12. Interestingly, most discussions on preventing crisis circle around greater transparency and information, although there is no evidence whatsoever that greater transparency will prevent crisis. There is also the hypocrisy if transparency is required of Governments but not from the hedge funds. When a crisis occurs, the rescue packages by IMF and others focus on bailing out creditors rather than stabilizing the economy.

    Possible measures to avoid next global financial crisis
  13. The following are some possible ways to mitigate the occurrence of a major financial crisis in the years ahead:-
    1. Reduce the importance of the financial sector in the GDP of a country. The role of banks and financial institutions is to facilitate trade and development. The financial sector has now become a major sector on its own, with little reference to its role as facilitators of real growth. The funding from financial institutions must be for productive real economy, not for speculation.
    2. The multilateral rules of financial policy should recognize the right of countries to enforce capital control for reasons of both financial sovereignty and prevention of financial crisis. Developing countries need to think seriously their participation in trade and investment agreements that constrains their ability to protect themselves from and respond to financial crisis. The proposed TPPA is a case in point. It will not allow capital controls to be imposed by a participating country.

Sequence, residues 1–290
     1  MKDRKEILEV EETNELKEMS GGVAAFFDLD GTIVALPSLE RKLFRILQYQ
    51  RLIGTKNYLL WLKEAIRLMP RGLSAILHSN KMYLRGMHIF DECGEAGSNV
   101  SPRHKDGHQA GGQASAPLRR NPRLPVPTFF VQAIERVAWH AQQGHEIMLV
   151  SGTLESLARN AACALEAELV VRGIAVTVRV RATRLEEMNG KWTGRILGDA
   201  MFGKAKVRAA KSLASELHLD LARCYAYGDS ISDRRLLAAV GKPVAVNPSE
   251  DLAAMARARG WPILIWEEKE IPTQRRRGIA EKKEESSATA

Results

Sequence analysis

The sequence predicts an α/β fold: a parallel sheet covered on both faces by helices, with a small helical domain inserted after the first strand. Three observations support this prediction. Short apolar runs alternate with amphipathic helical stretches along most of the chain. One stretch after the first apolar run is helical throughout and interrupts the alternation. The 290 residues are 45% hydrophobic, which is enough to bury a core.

3. There is a need to review seriously a mechanism to tax short-term capital flows, often referred to as the Tobin tax.
    4. There is a need to reduce the role of the US dollar as the reserve currency. As it is, this role enables the United States to live beyond its means, thereby triggering futures crises.
  14. Given that a consensus at the international level may not be that easily forthcoming in the near future, reforming the financial architecture at the regional levels should also be considered. The reason a solution at the international level may be difficult has to do with politics. The fact that the Great Recession of 2008 has so far not resulted in a rethink of the need for a new financial architecture shows the lack of political courage, mainly on the part of the United States and Europe, where the banking lobby is strong, and where many investment banks have acquired the status of “too big to fail.”

 

Conclusion

Not taking action to prevent the next global financial meltdown is not an option. Leaders in all parts of the world are operating in a bewildering new environment in which little is certain, the tempo is quicker and the dynamics are more complex. The next financial crisis can hit us from anywhere.